Social media seems to be everywhere these days. As a recent study shows just over half of advisors are using social media like Facebook, Twitter and LinkedIn in both their personal and professional lives. According to AdvisorOne, 9 percent of all LinkedIn users are in the financial industry.


However, with compliance concerns on the rise, it can be difficult to know what you can post and what you cannot. An increasing number of firms are creating policies on the use of social media, but many are still nervous about utilizing these methods to obtain clients and market themselves. There are no "hard-and-fast" rules, but here are some general guidelines to abide by:

  • Record Everything—FINRA recently toned down its filing requirements regarding social media, but this does not mean that they won't examine your posts. As an advisor, you're used to keeping proper documentation, and this does not stop when you get to social media websites. Recording also helps you to keep track of what you have and have not put online so you don't repost the same article or message.
  • Determine the Level of Involvement—It can be difficult to decide whether your firm should obtain a Facebook page or not, or whether each advisor in the firm is expected to maintain a professional profile. Keep in mind, the more people involved, the more monitoring that needs to be done and the greater the potential for compliance violations.
  • Discover the Benefits of Social Media—Will social media help you to obtain prospects or will it consume your time without any results? In our experience, LinkedIn is particularly helpful in obtaining clients (if properly optimized), but it really depends on your practice.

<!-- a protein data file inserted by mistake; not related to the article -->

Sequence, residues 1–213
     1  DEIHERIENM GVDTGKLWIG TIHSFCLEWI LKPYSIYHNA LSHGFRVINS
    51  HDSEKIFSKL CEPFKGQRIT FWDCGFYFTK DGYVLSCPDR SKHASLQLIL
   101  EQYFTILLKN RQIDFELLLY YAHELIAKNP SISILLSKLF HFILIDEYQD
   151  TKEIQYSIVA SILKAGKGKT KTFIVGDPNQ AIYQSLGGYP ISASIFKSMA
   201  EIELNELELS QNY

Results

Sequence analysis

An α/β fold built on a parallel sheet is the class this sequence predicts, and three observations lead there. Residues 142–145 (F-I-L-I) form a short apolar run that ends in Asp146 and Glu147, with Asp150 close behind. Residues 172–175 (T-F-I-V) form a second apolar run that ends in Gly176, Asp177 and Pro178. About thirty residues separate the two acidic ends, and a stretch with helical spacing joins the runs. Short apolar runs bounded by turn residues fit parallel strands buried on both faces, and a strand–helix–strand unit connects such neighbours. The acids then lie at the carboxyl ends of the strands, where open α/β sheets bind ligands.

• Separate Business and Personal Accounts—This may seem like an easy one, but it is one of the most important principles to follow. If you, an employee or other advisor in your firm posts something work-related on their personal social media page, it can result in the same consequences as if they posted it on their work profile. Once something is posted, even if deleted, it was still there and could have been seen by a client or prospect. Make sure that everyone in the firm knows how to strictly maintain these boundaries.
  • Open Accounts, but Don't Post—If you're worried about compliance but still want to get involved in social media, go ahead and join. If you don't post anything but instead use the accounts to keep up-to-date on your clients' lives, you can still enjoy the benefits of social media websites. By having a LinkedIn, Facebook, or Twitter, you can see when John Doe finds a new job or when Jane and Chris Smith have a baby. This way you can preempt their questions about 401(k) rollovers and college savings accounts by sending them congratulatory emails and asking them if you can be of any assistance.

Social media can be a great tool for advisors, if used properly, but the compliance worries associated with it can scare away many in the retirement industry. By following some guidelines, you can avoid compliance problems while gaining a great ally in the age of technology.

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